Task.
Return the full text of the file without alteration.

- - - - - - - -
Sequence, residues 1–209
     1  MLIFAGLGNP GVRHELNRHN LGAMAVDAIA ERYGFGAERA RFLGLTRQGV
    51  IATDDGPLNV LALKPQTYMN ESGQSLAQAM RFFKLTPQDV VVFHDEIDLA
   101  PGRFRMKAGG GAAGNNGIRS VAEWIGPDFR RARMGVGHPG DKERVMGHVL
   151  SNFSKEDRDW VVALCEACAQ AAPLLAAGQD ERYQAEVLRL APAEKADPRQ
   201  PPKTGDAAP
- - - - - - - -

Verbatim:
Sequence, residues 1–209
     1  MLIFAGLGNP GVRHELNRHN LGAMAVDAIA ERYGFGAERA RFLGLTRQGV
    51  IATDDGPLNV LALKPQTYMN ESGQSLAQAM RFFKLTPQDV VVFHDEIDLA
   101  PGRFRMKAGG GAAGNNGIRS VAEWIGPDFR RARMGVGHPG DKERVMGHVL
   151  SNFSKEDRDW VVALCEACAQ AAPLLAAGQD ERYQAEVLRL APAEKADPRQ
   201  PPKTGDAAP